The movie “Living in Bondage” by Mr. Kenneth Nnebue was the bold step that made a journey of a million miles worth embarking upon. Today, looking behind to its trail blazing achievements, Nollywood with its sister – Nigerian Music Industry, is proud to take the world stage, by identifying its relevance and essence in filling the gap created by the dearth of quality productions in the local television channels and radio stations, Nollywood has established itself as a major cultural and economic force in Nigeria and the rest of Africa. The entertainment industry which they constitute accounted for over 1.4% of Nigeria’s Gross Domestic Product (GDP) in 2013 and this figure is fast growing.
Nollywood today boasts an impressive number of star actors and actresses as well as film producers. Suffice it to mention a few names as examples: Pete Edochie, Olu Jacobs, Nkem Owoh (alias Osuofia or Ukwa), Segun Arinze, Francis Duru, the famous duo Chidi Ikedieze and Osita Iheme, Desmond Eliot, Emeka Ike, Ojoho Ouafor, etc. are among the outstanding actors, while actresses who have become familiar house-hold names include Patience Uzokwor, Rita Dominic, Genevieve Nnaji, Ini Edo, Omotala J. Ekeinde, Ngozi Ezeonu, Mercy Johnson, Stephanie Okereke Linus, Funke Akindele, Uche Jumbo, Joke Silva etc.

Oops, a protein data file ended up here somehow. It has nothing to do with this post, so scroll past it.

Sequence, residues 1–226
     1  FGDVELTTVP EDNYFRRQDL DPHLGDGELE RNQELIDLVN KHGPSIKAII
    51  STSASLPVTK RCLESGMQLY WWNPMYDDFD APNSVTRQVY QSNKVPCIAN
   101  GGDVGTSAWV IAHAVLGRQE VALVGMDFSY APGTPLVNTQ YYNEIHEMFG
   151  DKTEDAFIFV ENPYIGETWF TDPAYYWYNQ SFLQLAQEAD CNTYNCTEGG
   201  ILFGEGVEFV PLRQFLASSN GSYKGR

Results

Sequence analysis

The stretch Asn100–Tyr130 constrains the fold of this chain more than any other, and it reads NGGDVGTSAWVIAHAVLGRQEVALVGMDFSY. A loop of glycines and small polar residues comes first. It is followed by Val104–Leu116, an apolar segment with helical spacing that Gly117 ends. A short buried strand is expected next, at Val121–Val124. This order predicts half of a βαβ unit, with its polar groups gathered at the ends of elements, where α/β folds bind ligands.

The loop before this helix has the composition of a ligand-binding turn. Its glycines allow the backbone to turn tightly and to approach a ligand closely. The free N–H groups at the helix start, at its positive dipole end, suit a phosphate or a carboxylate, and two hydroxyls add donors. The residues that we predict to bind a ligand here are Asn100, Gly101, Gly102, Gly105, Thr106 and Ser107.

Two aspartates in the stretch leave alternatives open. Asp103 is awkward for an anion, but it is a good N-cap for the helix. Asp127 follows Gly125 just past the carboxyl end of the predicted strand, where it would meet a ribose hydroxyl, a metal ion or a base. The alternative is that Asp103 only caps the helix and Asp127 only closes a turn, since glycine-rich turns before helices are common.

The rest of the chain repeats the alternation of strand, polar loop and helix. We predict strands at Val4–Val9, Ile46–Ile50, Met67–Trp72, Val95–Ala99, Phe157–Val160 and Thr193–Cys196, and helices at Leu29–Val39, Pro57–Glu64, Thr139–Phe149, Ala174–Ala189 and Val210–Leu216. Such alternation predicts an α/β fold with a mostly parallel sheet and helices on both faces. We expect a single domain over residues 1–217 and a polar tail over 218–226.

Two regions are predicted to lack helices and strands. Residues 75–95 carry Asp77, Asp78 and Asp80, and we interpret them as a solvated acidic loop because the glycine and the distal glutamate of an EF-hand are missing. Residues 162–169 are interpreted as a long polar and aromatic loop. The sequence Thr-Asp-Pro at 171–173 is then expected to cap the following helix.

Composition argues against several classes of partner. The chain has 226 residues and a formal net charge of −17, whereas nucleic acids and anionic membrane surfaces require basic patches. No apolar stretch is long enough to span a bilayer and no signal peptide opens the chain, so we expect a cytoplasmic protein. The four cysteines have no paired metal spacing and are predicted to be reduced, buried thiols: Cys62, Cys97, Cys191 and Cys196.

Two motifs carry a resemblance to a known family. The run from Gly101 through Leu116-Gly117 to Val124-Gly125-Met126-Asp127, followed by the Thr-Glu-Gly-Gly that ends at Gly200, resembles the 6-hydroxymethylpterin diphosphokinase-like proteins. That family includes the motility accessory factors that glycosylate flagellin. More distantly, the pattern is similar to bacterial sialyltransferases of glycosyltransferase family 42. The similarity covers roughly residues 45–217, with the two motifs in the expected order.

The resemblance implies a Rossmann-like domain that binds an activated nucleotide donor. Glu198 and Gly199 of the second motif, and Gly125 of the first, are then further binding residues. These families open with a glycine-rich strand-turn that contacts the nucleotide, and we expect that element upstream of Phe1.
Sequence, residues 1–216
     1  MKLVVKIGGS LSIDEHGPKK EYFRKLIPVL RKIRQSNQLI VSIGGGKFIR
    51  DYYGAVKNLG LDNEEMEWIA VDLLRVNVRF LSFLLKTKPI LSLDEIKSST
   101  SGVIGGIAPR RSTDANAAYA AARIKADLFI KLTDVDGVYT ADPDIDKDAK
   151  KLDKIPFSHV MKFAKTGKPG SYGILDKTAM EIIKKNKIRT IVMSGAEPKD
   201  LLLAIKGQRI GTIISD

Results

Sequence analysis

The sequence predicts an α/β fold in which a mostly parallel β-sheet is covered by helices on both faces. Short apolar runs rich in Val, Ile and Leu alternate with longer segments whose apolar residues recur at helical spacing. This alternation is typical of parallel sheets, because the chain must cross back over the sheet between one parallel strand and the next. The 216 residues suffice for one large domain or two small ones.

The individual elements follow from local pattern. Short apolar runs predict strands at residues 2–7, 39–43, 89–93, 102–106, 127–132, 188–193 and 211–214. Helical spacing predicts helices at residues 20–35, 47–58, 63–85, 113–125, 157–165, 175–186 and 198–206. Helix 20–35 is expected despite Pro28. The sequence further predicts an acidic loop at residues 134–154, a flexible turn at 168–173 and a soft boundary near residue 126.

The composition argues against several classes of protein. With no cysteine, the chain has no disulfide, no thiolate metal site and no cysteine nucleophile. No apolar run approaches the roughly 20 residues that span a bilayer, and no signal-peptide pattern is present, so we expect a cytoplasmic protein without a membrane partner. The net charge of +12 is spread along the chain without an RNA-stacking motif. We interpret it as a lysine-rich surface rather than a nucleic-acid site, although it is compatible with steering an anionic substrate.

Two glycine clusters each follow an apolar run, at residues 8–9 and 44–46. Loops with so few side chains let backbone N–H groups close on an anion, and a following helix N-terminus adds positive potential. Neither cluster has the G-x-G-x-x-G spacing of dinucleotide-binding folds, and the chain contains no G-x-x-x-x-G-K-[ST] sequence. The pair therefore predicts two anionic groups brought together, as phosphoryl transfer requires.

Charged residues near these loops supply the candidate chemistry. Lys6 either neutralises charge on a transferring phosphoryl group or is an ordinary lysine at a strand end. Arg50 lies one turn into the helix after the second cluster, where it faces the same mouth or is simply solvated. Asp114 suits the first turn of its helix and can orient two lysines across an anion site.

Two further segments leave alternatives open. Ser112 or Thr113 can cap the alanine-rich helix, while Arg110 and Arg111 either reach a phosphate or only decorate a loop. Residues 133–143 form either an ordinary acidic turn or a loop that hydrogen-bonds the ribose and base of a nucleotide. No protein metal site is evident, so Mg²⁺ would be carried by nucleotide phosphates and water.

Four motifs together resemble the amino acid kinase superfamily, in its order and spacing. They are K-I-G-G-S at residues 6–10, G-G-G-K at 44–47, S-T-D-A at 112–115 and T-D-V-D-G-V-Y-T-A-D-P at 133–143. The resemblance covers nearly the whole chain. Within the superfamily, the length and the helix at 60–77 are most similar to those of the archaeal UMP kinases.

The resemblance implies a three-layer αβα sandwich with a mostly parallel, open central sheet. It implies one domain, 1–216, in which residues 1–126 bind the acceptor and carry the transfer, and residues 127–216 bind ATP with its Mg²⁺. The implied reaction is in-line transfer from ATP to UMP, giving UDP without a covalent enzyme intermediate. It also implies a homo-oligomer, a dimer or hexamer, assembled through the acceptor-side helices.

The music fact of the entertainment industry has waxed relatively strong, expanding year after year, turning in billions of naira to the economy. There is no gainsaying the fact that music is part of our every- day life and, more or less, an integral part of visual and audio media productions, including soundtracks in both local and foreign movies. With an apparently inexhaustible stream talents and capacity to innovate, the Nigerian music industry is one that can neither be hindered by economic depression nor lack relevance.
Nigerian music has the necessary resources to rule the air waves of not only Nigeria but also the length and breadth of Africa and the world at large. It is noteworthy that the number of stakeholders in the Nigerian music business is ever increasing. The stakeholders include artistes, musicians, producers, promoters, managers, distributors, marketers, etc. In the past six years, interestingly, the growing numbers of new production studios and artistes springing up has paved way for a more vibrant and self-sustaining industry. A lot of Nigerian artistes are already enjoying cooperate sponsorship for their unique talents and achievements. Some have recorded landmark albums sale, sometimes running into hundreds of thousands of copies.